Best of the Week
Most Popular
1.Canada Real Estate Bubble - Harry_Dent
2.UK House Prices ‘On Brink’ Of Massive 40% Collapse - GoldCore
3.Best Cash ISA for Soaring Inflation, Kent Reliance Illustrates the Great ISA Rip Off - Nadeem_Walayat
4.Understanding true money, Pound Sterling must make another historic low, Euro and Gold outlook! - Marc_Horn
5.5 Maps That Explain The Modern Middle East - GEORGE FRIEDMAN
6.Gold Back With A Vengeance As Bitcoin Bubble Bursts - OilPrice_Com
7.Gold Summer Doldrums - Zeal_LLC
8.Crude Oil Trade & Nasdaq QQQ Update - Plunger
9.Gold And Silver – Why No Rally? Lies, Lies, And More Lies - Michael_Noonan
10.UK Election 2017 Disaster, Fake BrExit Chaos, Forecasting Lessons for Next Time - Nadeem_Walayat
Last 7 days
Saving Illinois: Getting More Bang for Its Bucks - 24th Jul 17
3 Stocks Sectors That Will Win in The Fed’s Great Balance-Sheet Unwind - 24th Jul 17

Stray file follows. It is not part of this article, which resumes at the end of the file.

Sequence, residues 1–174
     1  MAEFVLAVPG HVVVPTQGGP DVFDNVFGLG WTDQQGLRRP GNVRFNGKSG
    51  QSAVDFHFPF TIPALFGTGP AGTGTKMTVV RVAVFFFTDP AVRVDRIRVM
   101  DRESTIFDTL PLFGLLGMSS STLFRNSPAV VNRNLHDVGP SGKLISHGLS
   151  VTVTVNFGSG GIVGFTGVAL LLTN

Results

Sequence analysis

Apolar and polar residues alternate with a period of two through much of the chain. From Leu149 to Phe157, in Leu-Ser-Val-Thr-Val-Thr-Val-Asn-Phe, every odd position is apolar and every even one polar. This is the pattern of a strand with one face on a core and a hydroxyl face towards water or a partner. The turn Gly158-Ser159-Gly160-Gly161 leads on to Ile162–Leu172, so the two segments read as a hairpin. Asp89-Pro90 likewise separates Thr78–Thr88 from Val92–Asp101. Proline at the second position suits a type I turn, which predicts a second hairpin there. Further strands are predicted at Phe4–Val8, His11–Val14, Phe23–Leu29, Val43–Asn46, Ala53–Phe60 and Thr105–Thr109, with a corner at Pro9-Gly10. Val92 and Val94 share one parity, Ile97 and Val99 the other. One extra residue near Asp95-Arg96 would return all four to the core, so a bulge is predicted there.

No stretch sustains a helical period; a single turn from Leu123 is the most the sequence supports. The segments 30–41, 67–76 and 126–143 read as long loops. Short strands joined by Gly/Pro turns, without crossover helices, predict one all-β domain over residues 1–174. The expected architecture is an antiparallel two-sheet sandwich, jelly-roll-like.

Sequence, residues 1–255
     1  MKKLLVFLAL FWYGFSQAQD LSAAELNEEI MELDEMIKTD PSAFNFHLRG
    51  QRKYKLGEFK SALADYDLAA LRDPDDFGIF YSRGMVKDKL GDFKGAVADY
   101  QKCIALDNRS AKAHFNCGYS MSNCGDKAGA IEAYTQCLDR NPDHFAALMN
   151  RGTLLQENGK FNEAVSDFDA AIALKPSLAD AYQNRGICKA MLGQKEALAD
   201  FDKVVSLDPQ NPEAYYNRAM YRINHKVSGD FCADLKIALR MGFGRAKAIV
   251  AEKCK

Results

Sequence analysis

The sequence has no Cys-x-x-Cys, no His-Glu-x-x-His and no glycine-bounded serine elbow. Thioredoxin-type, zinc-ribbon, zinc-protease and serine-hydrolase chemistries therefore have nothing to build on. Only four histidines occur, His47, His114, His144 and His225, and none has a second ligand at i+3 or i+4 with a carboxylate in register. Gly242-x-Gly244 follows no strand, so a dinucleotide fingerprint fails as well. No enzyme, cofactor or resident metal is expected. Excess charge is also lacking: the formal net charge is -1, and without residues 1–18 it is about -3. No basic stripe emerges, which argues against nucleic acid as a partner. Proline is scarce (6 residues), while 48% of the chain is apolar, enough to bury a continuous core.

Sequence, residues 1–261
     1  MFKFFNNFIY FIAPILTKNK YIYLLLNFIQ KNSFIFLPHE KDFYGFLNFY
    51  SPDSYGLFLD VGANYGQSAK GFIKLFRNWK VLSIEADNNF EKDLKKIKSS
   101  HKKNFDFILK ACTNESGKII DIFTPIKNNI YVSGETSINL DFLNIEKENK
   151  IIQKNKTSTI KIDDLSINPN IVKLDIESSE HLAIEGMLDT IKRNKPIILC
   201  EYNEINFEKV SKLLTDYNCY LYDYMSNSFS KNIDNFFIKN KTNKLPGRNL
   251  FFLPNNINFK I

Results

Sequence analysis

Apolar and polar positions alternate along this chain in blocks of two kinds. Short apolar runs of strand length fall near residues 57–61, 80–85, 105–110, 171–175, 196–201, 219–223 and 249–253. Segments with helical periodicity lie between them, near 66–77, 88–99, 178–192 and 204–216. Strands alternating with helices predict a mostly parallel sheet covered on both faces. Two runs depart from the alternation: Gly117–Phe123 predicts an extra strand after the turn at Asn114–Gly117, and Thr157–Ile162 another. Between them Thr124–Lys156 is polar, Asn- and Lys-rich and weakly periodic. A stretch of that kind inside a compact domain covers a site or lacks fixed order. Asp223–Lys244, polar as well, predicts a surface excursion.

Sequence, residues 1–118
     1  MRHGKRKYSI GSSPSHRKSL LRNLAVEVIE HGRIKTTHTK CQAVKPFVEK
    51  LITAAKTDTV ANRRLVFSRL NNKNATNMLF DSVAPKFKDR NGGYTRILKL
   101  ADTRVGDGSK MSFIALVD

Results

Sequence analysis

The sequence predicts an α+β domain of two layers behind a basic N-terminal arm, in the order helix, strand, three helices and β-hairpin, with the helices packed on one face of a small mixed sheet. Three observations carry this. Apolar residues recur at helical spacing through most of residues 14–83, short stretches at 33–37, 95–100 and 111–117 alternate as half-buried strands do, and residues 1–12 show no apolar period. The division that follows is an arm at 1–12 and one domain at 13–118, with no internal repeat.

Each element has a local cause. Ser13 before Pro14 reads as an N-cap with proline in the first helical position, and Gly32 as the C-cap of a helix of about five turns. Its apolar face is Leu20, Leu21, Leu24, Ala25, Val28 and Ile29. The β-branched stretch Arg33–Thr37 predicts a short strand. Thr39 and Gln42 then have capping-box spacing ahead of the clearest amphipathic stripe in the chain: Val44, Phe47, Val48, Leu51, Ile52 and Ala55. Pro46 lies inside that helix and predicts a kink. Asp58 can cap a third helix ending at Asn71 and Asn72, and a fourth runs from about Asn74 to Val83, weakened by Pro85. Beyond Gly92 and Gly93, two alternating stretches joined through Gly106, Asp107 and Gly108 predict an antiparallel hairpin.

Activist Investors Are Taking Over Wall Street, Procter and Gamble Might Never Remain the Same - 24th Jul 17
Stock Market Still on Track - 24th Jul 17
Last Chance For US Dollar To Rally - 24th Jul 17
UK House Prices Momentum Crash Warns of 2017 Bear Market - Video - 22nd Jul 17
Crude Oil, Gold, ETFs & more: Pro-grade Market Forecasts - 22nd Jul 17
Warning: The Fed Is Preparing to Crash the Financial System Again - 21st Jul 17
Gold / Silver Shorts Extreme - 21st Jul 17
GBP/USD Bearish Factors - 21st Jul 17
Gold Hedges Against Currency Devaluation and Cost Of Fuel, Food, Beer and Housing - 21st Jul 17
Is It Worth Investing in Palladium? - 21st Jul 17
UK House Prices Momentum Crash Threatens Mini Bear Market 2017 - 21st Jul 17
The Fed May Show Trump No Love - 20th Jul 17
The 3 Best Asset Classes To Brace Your Portfolio For The Next Financial Crisis - 20th Jul 17
Gold Stocks and Bonds - Preparing for THE Bottom - 20th Jul 17
Millennials Can Punt On Bitcoin, Own Safe Haven Gold For Long Term - 20th Jul 17
Trump Has Found A Loophole To Rewrite Trade Agreements Without Anyone’s Permission - 20th Jul 17
Basic Materials and Commodities Analysis and Trend Forecasts - 20th Jul 17
Bitcoin PullBack Is Over (For Now): Cryptocurrencies Gain Nearly A 50% In Last 48 Hours - 19th Jul 17
AAPL's 6% June slide - When Prices Are Falling, TWO Numbers Matter Most - 19th Jul 17